It wasn’t bad enough that they were angry, yelling and cursing in front of the children. The drama was topped off by him hitting her, and her getting in her van and speeding off. But she rounded the block, and came back for more. There was a bit more yelling, and then she sped off a second time. Then he spent some time pacing around, talking on his cell phone. I guessed that he might be talking to her, begging her to come back, most likely. Then he and his friends got the kids together, packed the smallest one in her stroller, and walked off into the sunset.

It’s sad to see how irresponsible some young parents can be. What will those children remember about the day spent with their family at the playground? Now you see why the smoking father, in comparison, looks like Father of the Year!

On a side note, my neighbor called the police during this altercation, but they said they couldn’t really do anything about the situation, unless “something happened.” I have to wonder what might have had to happen for the police to drive by and check on things. It’s bad enough that these dramas have to play out on occasion, but it’s far worse when law enforcement treats it as no big deal.

Oh, and by the way, Happy Mother’s Day!

Guest Post: I Miss Winter by Jenny Hill

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Another fun post from my friend, Jenny. Don’t forget to visit her website to see her beautiful, hand-woven rugs, and more! http://jenneferghill.wordpress.com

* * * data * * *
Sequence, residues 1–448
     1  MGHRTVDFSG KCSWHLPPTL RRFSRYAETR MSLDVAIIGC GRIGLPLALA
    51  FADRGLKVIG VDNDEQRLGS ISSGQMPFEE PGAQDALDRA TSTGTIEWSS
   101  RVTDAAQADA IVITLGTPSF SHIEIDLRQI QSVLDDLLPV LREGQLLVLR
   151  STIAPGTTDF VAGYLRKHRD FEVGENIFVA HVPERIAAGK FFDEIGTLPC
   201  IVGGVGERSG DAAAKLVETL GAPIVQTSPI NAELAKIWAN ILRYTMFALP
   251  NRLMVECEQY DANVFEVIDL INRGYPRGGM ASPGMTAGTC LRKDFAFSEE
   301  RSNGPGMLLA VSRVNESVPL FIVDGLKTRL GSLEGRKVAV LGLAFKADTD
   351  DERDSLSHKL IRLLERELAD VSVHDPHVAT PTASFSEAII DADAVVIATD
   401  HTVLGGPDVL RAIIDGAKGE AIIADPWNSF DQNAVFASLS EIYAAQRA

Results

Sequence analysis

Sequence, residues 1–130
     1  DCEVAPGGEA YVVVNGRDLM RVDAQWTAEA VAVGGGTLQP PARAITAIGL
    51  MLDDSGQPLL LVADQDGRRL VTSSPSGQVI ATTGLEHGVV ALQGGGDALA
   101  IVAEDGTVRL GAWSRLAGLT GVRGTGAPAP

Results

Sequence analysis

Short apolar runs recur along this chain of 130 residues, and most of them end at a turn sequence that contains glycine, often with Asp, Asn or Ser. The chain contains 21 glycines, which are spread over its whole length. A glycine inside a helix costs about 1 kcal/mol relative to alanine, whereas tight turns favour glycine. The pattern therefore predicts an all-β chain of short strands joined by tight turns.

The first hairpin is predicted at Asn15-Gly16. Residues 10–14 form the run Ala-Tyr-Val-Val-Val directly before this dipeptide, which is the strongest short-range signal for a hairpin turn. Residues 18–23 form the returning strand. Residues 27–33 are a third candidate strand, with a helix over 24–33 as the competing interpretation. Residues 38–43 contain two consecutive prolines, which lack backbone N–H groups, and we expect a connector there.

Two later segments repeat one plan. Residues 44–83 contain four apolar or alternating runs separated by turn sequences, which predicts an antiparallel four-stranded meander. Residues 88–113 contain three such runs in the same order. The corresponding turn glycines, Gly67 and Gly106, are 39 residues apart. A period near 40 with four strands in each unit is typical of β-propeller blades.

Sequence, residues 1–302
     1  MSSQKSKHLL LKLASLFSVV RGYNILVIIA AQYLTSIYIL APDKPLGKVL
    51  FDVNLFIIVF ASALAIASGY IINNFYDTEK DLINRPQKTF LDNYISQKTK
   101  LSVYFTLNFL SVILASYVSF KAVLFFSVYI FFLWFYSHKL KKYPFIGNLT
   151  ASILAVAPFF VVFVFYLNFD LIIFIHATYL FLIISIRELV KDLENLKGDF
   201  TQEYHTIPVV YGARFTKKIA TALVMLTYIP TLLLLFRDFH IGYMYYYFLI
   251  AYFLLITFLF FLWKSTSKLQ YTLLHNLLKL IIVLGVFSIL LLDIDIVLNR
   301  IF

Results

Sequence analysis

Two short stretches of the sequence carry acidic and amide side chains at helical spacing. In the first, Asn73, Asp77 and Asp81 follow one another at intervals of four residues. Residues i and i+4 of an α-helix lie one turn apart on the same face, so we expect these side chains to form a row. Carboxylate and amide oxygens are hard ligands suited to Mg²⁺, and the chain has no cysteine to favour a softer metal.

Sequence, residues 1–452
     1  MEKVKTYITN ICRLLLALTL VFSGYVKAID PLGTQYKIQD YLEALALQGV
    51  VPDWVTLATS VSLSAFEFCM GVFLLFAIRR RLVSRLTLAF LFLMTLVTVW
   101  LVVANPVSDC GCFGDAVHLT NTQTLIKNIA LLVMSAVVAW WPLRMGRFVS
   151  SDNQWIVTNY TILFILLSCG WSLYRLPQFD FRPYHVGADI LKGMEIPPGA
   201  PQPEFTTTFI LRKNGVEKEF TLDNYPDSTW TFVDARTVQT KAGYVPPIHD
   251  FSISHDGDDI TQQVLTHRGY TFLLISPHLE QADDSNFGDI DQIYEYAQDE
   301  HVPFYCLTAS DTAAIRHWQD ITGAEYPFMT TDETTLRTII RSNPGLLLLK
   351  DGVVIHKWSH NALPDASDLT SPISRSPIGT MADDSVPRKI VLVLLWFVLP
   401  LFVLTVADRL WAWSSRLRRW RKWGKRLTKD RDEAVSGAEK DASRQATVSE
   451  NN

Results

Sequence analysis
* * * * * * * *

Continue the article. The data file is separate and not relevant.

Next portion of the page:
I miss winter. I really do. Please hear me out before you get the cauldron of hot oil ready to pour over me.

I think I miss winter because there’s just so much…leeway. In what other season can you go up one pant size and blame it on the weather?  

And snow. I miss the snow, too. What other time of year can you call into work and say, “I can’t come in today because I am stuck in my own driveway?” and no one questions the plausibility of your excuse?

The leeway even extends to social obligations. When else can you cut uncomfortable visits short due to impending storms? “Better safe than sorry,” you say as you bolt out the door. And no one disagrees.

So many people rejoice now over the longer hours of sunlight. Obviously, they’ve forgotten all the benefits of the cover of night. For entire months we were allowed to bask in the flicker of our televisions or computers, while winter raged on outside. 

Are we to turn our backs on our digital friends just because our very bones yearn for Vitamin D provided by the sun? Should we really fill our lungs with some of the sweetest air nature has to offer while enjoying tweets, the real kind, with our ears?

Yes, yes and yes. Because, frankly, I feel like something damp stuck to the underside of a piece of wood which was frozen to the earth all winter. I know what will fix me. Sun. And more sun. For that, I will even brave the sight of myself in last year’s capri pants.